How 'The Batman's Best Scene Was Inspired By A Classic Action Movie
While much of the film involves characters quietly conversing at bafflingly dimly-lit crime scenes, there are some truly exciting action setpieces to be found in The Batman. Perhaps the most thrilling of which is the Batmobile chase in which the Caped Crusader speeds after The Penguin, who drives a Maserati in this iteration, which seems like a pretty big step up for a character we previously saw living in the sewers with a bunch of circus folk.
A lot of The Batman’s pre-release hype concerned director Matt Reeves’ cinematic influences, including films like Chinatown, The Godfather, and Se7en. In interviews, Reeves claimed that the car chase was inspired, perhaps not surprisingly, by William Friedkin’s The French Connection; which is pretty much the most iconic movie car chase of all-time, beloved by all … Except for those innocent New Yorkers who were almost run over during the filming.
But it seems like the bigger influence may have been another Friedkin scene, from a less-heralded movie that features an arguably even better car chase: 1985’s To Live and Die in L.A. Which is about a secret service agent desperately trying to get revenge on a stylish counterfeiter played by Willem Dafoe. In The Batman, Penguin, followed by Batman, turns onto a highway, driving against the flow of traffic, dodging cars and jackknifing trucks. Which distinctly recalls the anxiety-inducing highlight of To Live and Die in L.A.
The To Live and Die in L.A. chase is so awesome, specifically because Friedkin was working under the shadow of his previous work; he even told his stunt coordinator that if the new scene didn’t top the chase from The French Connection, it would be cut from the movie. The sequence was shot for six weeks at the very end of the production, which some actors presumed was because if something bad happened to one of them, “they’ve still got a movie.”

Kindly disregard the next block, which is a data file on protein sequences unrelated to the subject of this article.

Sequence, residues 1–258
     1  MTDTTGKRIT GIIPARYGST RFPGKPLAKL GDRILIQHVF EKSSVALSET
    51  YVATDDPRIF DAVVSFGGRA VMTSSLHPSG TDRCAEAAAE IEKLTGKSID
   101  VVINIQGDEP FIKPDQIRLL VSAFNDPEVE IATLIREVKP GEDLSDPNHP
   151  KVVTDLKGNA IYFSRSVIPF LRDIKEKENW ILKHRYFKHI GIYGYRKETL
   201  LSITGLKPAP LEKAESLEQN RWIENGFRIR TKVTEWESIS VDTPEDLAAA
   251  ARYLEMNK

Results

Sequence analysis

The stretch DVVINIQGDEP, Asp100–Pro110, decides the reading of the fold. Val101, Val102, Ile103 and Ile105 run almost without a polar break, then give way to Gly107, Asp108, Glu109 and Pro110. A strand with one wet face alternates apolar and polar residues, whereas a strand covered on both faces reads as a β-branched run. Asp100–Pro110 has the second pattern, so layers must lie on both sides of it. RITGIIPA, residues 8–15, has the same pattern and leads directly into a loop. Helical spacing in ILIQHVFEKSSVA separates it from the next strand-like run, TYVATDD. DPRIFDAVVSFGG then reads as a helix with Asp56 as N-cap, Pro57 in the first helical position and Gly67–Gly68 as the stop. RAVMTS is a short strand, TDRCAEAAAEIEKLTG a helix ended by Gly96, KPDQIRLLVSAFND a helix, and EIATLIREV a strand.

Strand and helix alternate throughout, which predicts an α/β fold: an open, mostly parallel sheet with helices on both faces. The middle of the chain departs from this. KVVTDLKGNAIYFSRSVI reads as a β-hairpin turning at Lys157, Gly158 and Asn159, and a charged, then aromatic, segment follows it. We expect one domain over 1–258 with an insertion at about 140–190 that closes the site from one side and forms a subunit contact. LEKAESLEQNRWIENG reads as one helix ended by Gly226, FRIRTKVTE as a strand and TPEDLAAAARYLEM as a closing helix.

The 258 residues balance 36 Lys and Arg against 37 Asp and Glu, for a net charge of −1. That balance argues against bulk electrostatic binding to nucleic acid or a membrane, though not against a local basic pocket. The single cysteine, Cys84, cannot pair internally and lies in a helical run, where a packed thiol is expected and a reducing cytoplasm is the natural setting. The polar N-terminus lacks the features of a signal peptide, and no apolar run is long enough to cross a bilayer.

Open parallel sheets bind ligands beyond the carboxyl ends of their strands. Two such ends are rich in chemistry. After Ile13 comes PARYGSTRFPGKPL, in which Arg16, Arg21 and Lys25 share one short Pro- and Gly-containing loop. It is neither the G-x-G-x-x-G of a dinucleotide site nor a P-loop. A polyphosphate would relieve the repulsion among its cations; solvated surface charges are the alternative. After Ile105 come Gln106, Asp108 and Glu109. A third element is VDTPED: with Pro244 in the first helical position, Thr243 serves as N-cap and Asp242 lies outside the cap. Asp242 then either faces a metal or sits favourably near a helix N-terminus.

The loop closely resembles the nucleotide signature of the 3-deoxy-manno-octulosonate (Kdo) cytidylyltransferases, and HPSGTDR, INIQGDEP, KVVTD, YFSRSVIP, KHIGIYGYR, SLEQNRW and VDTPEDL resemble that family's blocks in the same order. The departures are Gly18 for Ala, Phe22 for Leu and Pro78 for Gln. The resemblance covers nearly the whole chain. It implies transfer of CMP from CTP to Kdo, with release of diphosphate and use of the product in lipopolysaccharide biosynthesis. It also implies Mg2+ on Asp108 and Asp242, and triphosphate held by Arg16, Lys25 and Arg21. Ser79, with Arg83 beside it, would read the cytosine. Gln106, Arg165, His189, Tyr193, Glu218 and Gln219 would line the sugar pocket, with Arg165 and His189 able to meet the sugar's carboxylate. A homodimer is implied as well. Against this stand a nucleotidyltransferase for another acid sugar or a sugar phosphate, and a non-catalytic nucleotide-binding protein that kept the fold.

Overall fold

The Batman chase also ends the same way that the To Live and Die in L.A. chase begins, with two partners roughing up a suspect under an overpass. Not to mention that both movies feature John Turturro in supporting roles as a double-crossing crook. But for some reason, To Live and Die in L.A. has never been publicly cited as an influence, possibly because most of the film’s advertised reference points are ‘70s noirs. At the same time, Friedkin’s movie is so ‘80s that it was literally scored by Wang Chung, as evidenced by this music video in which they record the title song while somehow simultaneously writing said song and also watching the movie.
You (yes, you) should follow JM on Twitter!
Top Image: Warner Bros./MGM